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Working in Berlin?

Join InterNations to meet other expats where you live and read more articles like Working in Berlin with relevant information for expats.

Sean Henderson

Living in Germany, from Canada

"The good thing about InterNations is that I got to know the expat community in Berlin as well as internationally minded locals."

Anna Maria Osario

Living in Germany, from Argentina

"Through InterNations I met so many other Argentinean expats in Berlin, which made the transition period really easy for me."

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Berlin at a Glance

Working in Berlin

Will you soon be working in Berlin as an expatriate? Good choice! The city offers many opportunities, from global companies to middle-sized businesses or start-ups. Our InterNations Guide to Berlin explains business etiquette, visa regulations, and admin issues for expats in Berlin.

Working in Berlin is a wise choice, as Berlin has a strong economy due to its weight in the international market and close ties with Eastern Europe. As a result, many people working in the German capital come from that area, and many companies of interest for expats are run by Eastern Europeans. The fastest growing economic sectors in Berlin are communications and information, universities, start-ups, and tourism.

You should note that the great majority of the workforce in Berlin is employed in the service sector. Those who are considering working in the Berlin technology sector will be delighted to know that Berlin has become a leader in implementing new technology fields: The city has even set up a fund to encourage the linking of business with technology.

The Adlershof also attracts many people who are interested in working in Berlin. It promotes the city’s image of being a “City of Science, Business, and Media”. Some 15,550 people call the Adlershof their office.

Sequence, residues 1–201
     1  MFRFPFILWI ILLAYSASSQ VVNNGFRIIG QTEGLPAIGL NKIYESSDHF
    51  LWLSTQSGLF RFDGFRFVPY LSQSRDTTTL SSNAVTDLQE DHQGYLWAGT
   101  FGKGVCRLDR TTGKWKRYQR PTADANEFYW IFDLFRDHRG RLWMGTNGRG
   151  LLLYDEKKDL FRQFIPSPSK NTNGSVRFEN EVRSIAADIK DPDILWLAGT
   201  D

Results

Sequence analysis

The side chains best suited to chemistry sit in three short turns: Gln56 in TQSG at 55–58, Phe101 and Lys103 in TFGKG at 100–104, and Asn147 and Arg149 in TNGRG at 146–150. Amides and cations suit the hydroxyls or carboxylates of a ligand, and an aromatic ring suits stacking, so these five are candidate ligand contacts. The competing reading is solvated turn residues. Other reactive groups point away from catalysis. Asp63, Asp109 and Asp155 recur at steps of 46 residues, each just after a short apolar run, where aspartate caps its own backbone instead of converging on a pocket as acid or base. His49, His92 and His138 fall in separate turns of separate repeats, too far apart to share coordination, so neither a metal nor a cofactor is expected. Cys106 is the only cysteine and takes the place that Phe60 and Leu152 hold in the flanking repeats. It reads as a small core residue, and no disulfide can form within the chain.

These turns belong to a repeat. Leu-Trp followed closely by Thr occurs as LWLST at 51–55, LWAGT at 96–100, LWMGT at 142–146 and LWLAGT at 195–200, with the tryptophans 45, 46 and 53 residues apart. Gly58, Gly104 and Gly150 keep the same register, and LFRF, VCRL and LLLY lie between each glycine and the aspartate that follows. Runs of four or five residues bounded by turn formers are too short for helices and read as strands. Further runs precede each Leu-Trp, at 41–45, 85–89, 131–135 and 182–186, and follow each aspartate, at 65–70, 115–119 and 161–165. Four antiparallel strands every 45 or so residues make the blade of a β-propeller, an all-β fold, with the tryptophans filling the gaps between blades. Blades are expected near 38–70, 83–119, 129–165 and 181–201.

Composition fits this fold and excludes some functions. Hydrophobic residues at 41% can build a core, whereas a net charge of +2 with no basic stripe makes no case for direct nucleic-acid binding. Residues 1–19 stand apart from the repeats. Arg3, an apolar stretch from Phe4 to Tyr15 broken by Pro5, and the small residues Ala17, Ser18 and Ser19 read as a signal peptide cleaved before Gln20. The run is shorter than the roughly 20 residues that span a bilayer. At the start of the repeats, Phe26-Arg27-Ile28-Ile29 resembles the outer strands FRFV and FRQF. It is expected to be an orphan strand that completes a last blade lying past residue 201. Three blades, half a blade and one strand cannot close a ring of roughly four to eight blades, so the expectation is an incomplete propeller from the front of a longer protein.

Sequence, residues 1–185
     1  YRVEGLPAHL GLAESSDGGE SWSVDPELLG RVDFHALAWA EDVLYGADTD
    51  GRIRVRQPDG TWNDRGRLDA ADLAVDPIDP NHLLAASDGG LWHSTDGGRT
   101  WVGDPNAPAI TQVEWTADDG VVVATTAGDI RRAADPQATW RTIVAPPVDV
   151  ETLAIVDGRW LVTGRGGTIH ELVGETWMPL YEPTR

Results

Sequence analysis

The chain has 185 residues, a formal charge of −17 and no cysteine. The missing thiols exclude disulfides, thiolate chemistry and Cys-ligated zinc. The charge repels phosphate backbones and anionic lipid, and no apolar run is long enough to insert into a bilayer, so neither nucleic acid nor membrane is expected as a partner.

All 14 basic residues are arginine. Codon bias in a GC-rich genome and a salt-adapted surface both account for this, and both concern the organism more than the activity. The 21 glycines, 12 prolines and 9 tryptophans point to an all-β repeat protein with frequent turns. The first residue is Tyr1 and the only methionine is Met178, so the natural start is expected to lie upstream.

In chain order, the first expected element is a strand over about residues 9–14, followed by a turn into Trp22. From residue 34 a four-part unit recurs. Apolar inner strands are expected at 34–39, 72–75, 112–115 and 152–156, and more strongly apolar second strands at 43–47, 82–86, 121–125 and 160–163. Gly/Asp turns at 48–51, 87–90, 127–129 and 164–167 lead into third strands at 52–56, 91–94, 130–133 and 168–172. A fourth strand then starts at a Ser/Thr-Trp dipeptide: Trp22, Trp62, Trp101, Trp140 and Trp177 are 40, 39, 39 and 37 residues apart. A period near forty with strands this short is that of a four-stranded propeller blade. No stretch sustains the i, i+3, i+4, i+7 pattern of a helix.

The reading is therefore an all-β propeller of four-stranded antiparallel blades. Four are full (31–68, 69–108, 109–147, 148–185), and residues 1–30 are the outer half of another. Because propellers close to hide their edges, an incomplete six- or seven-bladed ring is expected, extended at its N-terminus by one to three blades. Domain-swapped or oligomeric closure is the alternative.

German Business Etiquette

Business etiquette depends greatly on the size and type of the company, as well as the staff and the industry or sector. At first, it is always better to be too formal than not formal enough; wear formal clothing and address others in a polite way. 

Want to know more about business culture in Germany? Check out the Jobs and Business section of our detailed Germany guide! 

Visa Requirements

If you are contemplating working in Berlin but are not from a Schengen area or EU country, you need an employment visa and a residence permit (Aufenthaltserlaubnis). For your work visa, you have to prove that you already have a job lined up before coming to Germany. In that case you only need to present a copy of your work agreement to the respective German mission and thus prove you’ll be working in Berlin.

However, the citizens of selected countries are allowed to enter Germany without an employment visa and look for work there during a limited period of several months, provided they have enough money to support themselves. Please ask the German embassy or consulate if this applies to you. Thus, you could even start working in Berlin without having to applying for an employment visa from abroad.

Our articles on how to get a German visa and getting a work permit for Germany also provide useful overviews. 


We do our best to keep this article up to date. However, we cannot guarantee that the information provided is always current or complete. 

InterNations Expat Magazine